The thing I mainly learned is that even if you are trusted by one person in a small community, on a tiny island (some of whom have never left the island in their lives) it is not an instant green light access to connect with everyone.   I was taken in by a wonderful woman who was chair at Unst Heritage Site – Rhoda, who took me places and talked of her ancestors who knitted to subsidise the income of the family. I have beautiful recordings of her talking of her mother and aunt.  I spoke to other women but none wanted to share information, saw fine lace knitting,  I found abandoned croft houses that I fell in love with and recorded their soundscapes, I watched the sea, learned of the press gang stealing Shetland boys. I saw, heard and felt so many amazing things that it was the changing of me in a long chain of change.  

The main thing on the Island of Unst that I quickly learned and reflected on was that some lace knitters do not like to share what they knit or make in case you steal the pattern or idea and make it your own. This was definitely not my aim but it dawned on me after a few days and there was nothing that I could do that could change that in my 8 day stay.  Over months, I would have fully engaged, been part of the community and eventually been trusted and accepted. The major deeply moving light-bulb moment came when I understood that not many would talk to me about the past and the history of knitting because then the words would be out and I would have heard and possibly, they would no longer be theirs.  This learning was something that ‘ethics’ training cannot teach. You learn it by being in it.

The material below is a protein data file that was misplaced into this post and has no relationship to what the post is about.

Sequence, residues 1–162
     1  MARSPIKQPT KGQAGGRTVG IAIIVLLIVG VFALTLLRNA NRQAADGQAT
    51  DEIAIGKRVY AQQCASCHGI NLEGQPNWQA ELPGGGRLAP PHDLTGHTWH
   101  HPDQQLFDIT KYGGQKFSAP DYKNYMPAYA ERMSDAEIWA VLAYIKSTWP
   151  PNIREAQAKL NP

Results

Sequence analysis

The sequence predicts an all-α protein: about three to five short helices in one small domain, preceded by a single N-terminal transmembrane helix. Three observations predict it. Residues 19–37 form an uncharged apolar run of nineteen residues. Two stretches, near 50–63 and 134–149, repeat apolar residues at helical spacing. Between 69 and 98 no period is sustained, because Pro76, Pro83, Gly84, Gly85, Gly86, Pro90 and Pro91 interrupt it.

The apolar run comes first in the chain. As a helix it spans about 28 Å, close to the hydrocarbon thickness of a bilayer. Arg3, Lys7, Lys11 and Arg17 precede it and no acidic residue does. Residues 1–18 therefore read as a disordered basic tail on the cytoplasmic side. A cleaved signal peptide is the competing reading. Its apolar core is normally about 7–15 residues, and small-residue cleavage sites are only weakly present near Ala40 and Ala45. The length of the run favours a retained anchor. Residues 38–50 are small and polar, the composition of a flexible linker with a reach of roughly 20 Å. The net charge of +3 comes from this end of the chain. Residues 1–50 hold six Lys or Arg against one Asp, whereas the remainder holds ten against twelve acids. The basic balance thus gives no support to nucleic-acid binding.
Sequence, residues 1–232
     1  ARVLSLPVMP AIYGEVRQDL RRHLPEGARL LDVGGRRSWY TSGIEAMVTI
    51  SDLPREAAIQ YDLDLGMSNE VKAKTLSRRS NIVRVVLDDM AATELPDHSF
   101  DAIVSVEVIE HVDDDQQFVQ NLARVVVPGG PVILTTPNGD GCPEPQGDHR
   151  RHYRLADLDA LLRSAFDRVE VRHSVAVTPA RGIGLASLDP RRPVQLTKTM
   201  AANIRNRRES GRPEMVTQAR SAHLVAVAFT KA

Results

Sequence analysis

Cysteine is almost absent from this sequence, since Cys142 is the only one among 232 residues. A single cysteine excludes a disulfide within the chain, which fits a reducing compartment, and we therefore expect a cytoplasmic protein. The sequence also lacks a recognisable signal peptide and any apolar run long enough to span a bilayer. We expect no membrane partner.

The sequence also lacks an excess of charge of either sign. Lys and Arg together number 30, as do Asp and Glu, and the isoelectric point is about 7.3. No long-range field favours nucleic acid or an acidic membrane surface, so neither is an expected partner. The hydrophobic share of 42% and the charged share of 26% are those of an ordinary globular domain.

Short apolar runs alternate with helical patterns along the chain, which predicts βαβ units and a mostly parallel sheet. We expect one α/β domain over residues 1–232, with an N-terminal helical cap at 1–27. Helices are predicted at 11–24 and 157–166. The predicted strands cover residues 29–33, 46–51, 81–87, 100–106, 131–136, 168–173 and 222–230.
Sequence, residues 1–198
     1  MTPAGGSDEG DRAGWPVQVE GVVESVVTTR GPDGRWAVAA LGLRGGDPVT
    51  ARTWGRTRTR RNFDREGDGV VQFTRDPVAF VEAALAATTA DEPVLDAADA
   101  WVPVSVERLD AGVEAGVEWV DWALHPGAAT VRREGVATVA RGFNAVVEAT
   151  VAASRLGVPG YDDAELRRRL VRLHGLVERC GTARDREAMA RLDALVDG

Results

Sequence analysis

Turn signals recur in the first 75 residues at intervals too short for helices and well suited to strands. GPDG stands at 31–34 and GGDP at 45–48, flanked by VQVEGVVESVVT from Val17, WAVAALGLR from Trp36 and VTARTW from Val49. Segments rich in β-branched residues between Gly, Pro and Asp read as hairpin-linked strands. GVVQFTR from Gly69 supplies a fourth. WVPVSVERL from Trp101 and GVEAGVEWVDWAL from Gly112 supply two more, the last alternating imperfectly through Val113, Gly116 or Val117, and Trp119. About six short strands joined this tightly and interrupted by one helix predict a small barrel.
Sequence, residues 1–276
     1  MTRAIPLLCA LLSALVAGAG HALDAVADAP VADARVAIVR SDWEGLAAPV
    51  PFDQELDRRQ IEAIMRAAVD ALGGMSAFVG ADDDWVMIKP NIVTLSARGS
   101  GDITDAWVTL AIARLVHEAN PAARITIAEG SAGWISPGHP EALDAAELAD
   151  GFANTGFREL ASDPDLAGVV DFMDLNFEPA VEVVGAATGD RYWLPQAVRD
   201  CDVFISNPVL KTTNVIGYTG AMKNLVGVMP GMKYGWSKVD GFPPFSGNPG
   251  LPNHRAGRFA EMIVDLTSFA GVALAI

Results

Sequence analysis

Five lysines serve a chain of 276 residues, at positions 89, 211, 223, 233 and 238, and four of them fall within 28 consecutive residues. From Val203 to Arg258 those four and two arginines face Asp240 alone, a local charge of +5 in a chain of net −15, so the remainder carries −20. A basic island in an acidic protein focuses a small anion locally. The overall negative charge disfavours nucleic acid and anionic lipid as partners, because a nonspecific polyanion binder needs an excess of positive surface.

In Unst, I wrote to Janet part way through the night in late May and remember writing – ‘who owns words once they are spoken’.   This is the main thing I learned at that time but since the R&D trip. But it is not the main thing that I felt and saw. I know that you earn the voices that you hear spoken and that those words are not yours. Since the R&D, I have gathered confidence, learned a new language, and found an honest understanding of my creative practice and built an aim to go further. 

After graduating, I applied for and was lucky to be accepted on the AA2A Artist In Residence scheme at Sheffield Institute of Arts.  This one year residency has built on my skills and technique and given me the absolute freedom to make work in that amazing building but I would not have applied for the AA2A had I not had the leg-up from the Making Ways  R&D grant in 2018. 

Last night I felt proud of Janet, of Sheffield, of Art and Sheffield, even a little proud of myself because I haven’t finished yet. There’s still so much to learn and research and find out and make.  I’m always just at the beginning of something new but there is so much more.

These few words are written in gratitude to Janet Jennings and ‘Making Ways’ Sheffield.

from Shetland to Sheffield Institute of Arts

Dear Gentle Reader,

In your haste to pass from one place to another, you may have accidentally fallen across this inessential corner and stopped for a moment, caught by the sight of cut paper or printed ink.   

This place of scattered and fragmented light, which writes across the sill, is an echo of everything that I have been in search of for some time now.

I have been here before, in a place of contemplation, only to wonder how many women have stood before me and looked out of this seaward facing window or leant against the door frame, waiting for their man to come home from the sea, knowing that he may not return.  The ever-present harsh wind, a constant reminder, battering the window pane and whipping the grass into knee high tufts.